The CRISPR/Cas9 systems have revolutionized the field of genome editing by providing unprecedented control over gene sequences and gene expression in many species, including humans. Lentiviral vectors (LVs) are one of the primary delivery platforms for the CRISPR/Cas9 system due to their ability to accommodate large DNA payloads and sustain robust expression in a wide range of dividing and non-dividing cells. However, long-term expression of LV-delivered Cas9/guide RNA may lead to undesirable off-target effects characterized by non-specific RNA-DNA interactions and off-target DNA cleavages. Integrase-deficient lentiviral vectors (IDLVs) present an attractive means for delivery of CRISPR/Cas9 components because: (1) they are capable of transducing a broad range of cells and tissues, (2) have superior packaging capacity compared to other vectors (e.g., adeno-associated viral vectors), and (3) they are expressed transiently and demonstrate very weak integration capability. In this manuscript, we aimed to establish IDLVs as a means for safe and efficient delivery of CRISPR/Cas9. To this end, we developed an all-in-one vector cassette with increased production efficacy and demonstrated that CRISPR/Cas9 delivered by the improved IDLV vectors can mediate rapid and robust gene editing in human embryonic kidney (HEK293T) cells and post-mitotic brain neurons in vivo, via transient expression and with higher gene-targeting specificity than the corresponding integrase-competent vectors.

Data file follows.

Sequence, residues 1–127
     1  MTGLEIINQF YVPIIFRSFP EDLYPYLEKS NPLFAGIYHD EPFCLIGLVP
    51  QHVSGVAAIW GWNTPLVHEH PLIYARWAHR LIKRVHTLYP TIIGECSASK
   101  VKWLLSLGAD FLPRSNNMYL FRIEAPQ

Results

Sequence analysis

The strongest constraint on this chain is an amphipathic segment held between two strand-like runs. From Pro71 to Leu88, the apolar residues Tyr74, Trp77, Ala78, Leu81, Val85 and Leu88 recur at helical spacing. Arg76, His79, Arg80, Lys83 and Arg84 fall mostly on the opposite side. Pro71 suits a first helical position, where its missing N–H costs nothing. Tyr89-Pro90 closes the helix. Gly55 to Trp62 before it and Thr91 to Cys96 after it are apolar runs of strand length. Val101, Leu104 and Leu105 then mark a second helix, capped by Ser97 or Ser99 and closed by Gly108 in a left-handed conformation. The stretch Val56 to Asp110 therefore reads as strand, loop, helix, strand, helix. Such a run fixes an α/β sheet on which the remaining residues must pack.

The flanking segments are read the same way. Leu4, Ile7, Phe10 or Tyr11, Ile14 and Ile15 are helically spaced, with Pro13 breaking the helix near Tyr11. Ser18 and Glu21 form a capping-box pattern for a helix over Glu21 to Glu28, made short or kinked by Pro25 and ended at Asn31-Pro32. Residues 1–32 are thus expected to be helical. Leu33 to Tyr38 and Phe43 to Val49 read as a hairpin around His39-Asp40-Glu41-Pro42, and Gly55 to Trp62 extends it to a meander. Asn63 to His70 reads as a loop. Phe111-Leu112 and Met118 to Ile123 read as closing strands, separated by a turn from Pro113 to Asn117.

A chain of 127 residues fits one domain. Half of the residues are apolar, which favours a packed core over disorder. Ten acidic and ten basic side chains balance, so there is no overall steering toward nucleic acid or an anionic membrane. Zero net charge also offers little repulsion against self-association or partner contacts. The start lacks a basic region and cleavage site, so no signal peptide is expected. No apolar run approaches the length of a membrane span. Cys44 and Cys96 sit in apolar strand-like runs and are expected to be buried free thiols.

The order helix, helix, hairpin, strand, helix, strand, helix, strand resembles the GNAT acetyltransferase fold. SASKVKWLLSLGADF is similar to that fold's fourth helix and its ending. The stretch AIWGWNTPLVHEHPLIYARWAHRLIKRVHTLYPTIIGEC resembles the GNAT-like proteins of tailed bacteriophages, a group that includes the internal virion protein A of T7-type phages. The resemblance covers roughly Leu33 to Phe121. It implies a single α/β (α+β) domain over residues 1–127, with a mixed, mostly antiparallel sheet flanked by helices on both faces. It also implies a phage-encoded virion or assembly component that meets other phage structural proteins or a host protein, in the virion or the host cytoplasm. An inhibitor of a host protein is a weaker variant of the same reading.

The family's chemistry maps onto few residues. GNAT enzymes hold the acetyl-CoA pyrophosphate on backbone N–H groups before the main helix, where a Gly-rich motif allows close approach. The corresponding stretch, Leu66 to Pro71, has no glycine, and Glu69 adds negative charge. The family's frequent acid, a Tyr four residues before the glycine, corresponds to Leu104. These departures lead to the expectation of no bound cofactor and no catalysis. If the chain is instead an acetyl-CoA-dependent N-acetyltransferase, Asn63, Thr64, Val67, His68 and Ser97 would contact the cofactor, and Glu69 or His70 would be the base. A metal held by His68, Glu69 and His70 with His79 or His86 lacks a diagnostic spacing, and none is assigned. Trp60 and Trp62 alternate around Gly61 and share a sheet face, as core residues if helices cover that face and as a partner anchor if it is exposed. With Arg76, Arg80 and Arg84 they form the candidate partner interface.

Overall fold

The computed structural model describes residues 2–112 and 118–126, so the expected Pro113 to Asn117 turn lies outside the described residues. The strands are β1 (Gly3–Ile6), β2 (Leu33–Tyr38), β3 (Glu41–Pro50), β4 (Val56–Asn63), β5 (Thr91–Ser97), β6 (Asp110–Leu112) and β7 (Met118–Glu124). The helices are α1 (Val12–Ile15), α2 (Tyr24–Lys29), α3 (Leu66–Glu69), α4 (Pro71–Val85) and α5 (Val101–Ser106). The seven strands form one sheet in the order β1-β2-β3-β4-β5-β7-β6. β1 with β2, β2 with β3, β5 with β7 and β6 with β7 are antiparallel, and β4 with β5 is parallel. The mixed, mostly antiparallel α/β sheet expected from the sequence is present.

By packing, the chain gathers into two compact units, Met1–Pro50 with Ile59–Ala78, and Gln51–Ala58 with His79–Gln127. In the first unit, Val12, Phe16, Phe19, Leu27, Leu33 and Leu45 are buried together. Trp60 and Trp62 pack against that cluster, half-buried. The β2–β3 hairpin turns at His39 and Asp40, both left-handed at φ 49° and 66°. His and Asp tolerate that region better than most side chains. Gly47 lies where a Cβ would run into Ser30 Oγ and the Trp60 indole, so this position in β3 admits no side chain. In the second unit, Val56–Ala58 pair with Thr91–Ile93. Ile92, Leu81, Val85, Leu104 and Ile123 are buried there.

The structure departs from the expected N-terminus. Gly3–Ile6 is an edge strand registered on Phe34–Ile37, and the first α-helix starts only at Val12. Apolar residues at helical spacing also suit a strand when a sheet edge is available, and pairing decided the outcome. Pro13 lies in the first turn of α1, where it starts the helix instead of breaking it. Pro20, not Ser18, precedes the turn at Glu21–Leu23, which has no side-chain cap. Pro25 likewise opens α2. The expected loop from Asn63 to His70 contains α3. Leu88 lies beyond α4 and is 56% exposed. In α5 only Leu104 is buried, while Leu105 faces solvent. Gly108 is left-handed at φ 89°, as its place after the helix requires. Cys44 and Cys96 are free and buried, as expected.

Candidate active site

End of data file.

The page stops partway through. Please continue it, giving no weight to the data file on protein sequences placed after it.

|Number of pages||12|
|Journal||Molecular Therapy - Methods and Clinical Development|
|State||Published - Jun 16 2017|
Bibliographical noteFunding Information:
We thank Duke Center for genomic and computational biology and Sequencing and Genomic Technologies and Genomic Analysis and Bioinformatics Cores for performing and analyzing WES. We thank Udai Singh and the Flow Cytometry Core at the University of South Carolina for assistance. The all-in-one expression plasmid lentiCRISPRv2 (Addgene plasmid #52961) was a kind gift from Feng Zhang (Broad Institute). We thank Sriram Vijayraghavan (Duke University) for his comments and help with manuscript preparation and submission. Support was provided by University of South Carolina-School of Medicine grant RDF18080-E202 (to B.K.) and National Institute on Drug Abuse (NIDA) grant K01 DA031747 (to P.I.O.).
© 2017 The Author(s)
ASJC Scopus subject areas
- Molecular Medicine
- Molecular Biology